Pediatricians Explain Why SBIRT is Essential to Adolescent Health
Thursday, December 8, 2016
Earlier this year, the American Academy of Pediatrics (AAP) issued a policy statement that reaffirmed its recommendation to incorporate universal screening, brief intervention and referral to treatment (SBIRT) practices for adolescent substance use in pediatric primary care. This webinar will discuss the rationale for the AAP's policy statement and current efforts to advance adolescent SBIRT primary care settings.
Janet F. Williams, MD, FAAP is a tenured Professor of Pediatrics at the UTHSCSA School of Medicine (SOM). She has been a School of Medicine faculty member for 30 years, the most recent 5 of which she has also served as the SOM Associate Dean for Faculty. She has recognized expertise in child and adolescent growth and development, substance abuse education, and patient care communication. Dr. Williams has been honored twice by receiving the UTHSCSA Presidential Award for Excellence in Teaching, and was named a University of Texas System Distinguished Teaching Professor. Dr. Williams completed 10 years of service on the American Academy of Pediatrics Committee on Substance Abuse and has continued to research and create policy statements, clinical and technical reports, the most recent being statements on Fetal Alcohol Spectrum Disorders and the updates on Screening, Brief Intervention and Referral to Treatment or SBIRT. Dr. Williams also directed a five-year Substance Abuse & Mental Health Services Administration-funded project to teach SBIRT to interdisciplinary resident physician trainees across south Texas.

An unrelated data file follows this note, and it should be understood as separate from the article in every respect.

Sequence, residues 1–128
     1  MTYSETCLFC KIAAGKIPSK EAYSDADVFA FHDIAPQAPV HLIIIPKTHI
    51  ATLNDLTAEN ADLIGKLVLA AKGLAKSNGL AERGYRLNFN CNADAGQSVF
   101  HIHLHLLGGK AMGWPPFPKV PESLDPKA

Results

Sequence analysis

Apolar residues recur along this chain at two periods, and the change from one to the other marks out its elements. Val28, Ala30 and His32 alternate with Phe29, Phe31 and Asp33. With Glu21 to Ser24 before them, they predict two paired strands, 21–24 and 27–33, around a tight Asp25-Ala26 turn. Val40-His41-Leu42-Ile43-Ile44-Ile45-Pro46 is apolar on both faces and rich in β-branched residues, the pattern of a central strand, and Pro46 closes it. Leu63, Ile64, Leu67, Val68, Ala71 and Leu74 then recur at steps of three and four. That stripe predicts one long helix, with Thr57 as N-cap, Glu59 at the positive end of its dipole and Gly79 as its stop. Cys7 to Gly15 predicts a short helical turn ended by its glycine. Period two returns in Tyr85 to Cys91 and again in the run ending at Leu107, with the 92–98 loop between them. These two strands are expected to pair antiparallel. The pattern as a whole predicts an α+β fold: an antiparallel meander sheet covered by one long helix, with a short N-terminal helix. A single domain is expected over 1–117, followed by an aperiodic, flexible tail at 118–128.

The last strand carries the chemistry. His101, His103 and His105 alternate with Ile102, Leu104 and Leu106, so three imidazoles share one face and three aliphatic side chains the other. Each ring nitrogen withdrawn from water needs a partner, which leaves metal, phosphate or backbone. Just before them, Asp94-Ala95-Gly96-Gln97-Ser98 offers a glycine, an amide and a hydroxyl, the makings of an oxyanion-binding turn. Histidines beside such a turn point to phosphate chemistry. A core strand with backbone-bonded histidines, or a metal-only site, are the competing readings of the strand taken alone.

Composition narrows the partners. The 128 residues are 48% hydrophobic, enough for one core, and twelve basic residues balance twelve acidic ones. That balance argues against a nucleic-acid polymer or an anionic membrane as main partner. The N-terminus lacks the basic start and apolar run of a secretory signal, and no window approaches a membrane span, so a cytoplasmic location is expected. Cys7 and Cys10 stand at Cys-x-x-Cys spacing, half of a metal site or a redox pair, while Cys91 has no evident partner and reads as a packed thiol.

Rob Dudley, MD, MEd, FAAP joined the Community Health Center of New Britain, CT as a National Public Health Scholar in the summer of 1996 after completing his residency at the Children’s Hospital of Philadelphia. He has been involved in the New Britain community as the school district’s medical advisor and with the American Academy of Pediatrics, most recently as the Connecticut Chapter Vice President and as District 1 Community Access to Child Health (CATCH) Facilitator. He is a member of the CT AAP School Health Committee. Dr. Dudley has championed quality improvement initiatives in the areas of substance abuse screening (AAP PIAASU lead physician for Connecticut Chapter), developmental screening, depression screening, immunizations, asthma, and STD screening. He has been actively involved in pediatric obesity research for the past ten years, with presentations of Healthy Tomorrows and RWJF Salud America data at the AAP Future of Pediatrics, Weight of the Nation, and NICHQ conferences, where he was honored with NICHQ’s 2010 Outstanding Faculty Achievement Award. He received the 2016 CDC Immunization Champion Award for Connecticut. He serves as the medical director for Klingberg Family Center’s Webster House, which serves medically and behaviorally complex teens from across Connecticut. He is as an assistant clinical professor at the University of Connecticut School of Medicine.